Google’s launch of Allo, its competitor to WhatsApp, has put a cat among the pigeons in terms of encryption. Edward Snowden has rowed into the debate recommending Signal over Allo or WhatsApp.
Google launched its Allo messaging platform yesterday, but appears to have rowed back on its original promises.
In May, Google maintained that all conversations of Allo users would be encrypted and that conversation logs would be stored on Google servers only transiently. But now, only messages marked Incognito will be end-to-end encrypted.
Allo will store all non-Incognito messages until users manually delete them.
Messages are encrypted between the device and Google but they will be stored on Google servers.
Google is understood to have made the changes to improve its Smart Replies feature which tracks user behaviour using deep machine learning.
This has also raised the hackles of privacy and security advocates, because if behaviour can be learned, it opens another avenue to fraud.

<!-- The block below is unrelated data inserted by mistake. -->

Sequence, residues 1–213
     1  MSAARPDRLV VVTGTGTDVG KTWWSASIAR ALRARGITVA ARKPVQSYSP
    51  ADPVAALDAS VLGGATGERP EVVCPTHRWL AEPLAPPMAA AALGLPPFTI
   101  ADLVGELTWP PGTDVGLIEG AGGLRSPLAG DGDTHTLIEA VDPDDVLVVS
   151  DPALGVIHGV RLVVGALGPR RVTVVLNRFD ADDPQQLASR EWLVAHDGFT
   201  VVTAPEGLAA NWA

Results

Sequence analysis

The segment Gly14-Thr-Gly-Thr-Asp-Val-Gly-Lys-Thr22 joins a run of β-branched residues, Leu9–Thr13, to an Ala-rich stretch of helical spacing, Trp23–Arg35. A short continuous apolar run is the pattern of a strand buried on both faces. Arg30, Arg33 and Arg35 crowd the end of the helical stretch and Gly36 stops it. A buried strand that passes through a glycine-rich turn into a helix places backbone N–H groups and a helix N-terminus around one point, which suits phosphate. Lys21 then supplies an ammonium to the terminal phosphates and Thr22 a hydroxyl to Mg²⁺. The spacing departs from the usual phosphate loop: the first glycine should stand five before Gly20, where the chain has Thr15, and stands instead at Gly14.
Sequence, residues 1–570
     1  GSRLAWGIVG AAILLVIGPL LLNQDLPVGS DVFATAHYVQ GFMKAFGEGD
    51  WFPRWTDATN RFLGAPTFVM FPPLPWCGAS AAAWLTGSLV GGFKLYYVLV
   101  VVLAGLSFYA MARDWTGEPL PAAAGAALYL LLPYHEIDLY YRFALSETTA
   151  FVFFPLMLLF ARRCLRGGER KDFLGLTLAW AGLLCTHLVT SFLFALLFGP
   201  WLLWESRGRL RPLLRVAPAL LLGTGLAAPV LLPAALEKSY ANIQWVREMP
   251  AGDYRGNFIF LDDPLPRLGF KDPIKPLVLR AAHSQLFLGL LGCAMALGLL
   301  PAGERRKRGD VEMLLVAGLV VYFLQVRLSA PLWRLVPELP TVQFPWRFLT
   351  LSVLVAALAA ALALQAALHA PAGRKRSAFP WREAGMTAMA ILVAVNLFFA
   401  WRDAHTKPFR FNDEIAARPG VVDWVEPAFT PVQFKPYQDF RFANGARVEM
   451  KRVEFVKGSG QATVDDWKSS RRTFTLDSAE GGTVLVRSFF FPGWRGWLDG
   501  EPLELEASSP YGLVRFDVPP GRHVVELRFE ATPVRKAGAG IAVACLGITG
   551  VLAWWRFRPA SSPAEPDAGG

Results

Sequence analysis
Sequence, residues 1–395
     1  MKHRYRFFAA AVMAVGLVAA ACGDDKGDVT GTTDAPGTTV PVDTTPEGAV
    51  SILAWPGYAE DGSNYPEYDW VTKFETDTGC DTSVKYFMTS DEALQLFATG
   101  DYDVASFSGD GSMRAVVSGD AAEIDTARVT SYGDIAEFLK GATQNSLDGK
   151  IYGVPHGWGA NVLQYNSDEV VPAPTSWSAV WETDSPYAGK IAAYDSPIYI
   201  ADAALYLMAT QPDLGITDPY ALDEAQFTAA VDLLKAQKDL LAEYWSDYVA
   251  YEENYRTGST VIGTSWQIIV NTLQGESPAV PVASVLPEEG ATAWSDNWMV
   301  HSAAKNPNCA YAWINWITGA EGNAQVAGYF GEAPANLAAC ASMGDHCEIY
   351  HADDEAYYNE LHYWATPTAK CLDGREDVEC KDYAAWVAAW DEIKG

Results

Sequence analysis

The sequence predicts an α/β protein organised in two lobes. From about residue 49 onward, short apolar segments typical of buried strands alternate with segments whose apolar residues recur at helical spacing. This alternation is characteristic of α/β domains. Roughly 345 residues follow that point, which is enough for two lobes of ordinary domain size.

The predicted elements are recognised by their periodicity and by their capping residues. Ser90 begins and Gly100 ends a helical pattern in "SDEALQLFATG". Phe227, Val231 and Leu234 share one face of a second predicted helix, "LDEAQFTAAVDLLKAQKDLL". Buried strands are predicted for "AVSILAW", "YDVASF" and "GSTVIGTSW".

“We would like to see Google provide an alternative instead of forcing privacy-minded users to start Incognito chats every time if they want to keep their data private.
Snowden on Allo: Listen carefully, I shall only say this once
The debate has attracted the attention of on-the-run whistle-blower Edward Snowden, who dismissed Google Allo as “Google Surveillance”.
He said that if users really want to keep their messages private, they should use either TOR (The Onion Router) or Signal.
— Edward Snowden (@Snowden) September 21, 2016
Signal is an encrypted instant messaging and voice calling application for Android and was developed by Open Whisper Systems.
All communications to other Whisper users are automatically end-to-end encrypted.
It also has mechanisms for verifying that no man-in-the-middle attack has occurred.
Snowden later added: “In seriousness, this is a complex question for which there is no one right answer. But relative to #Allo, Signal is safer for normal users.”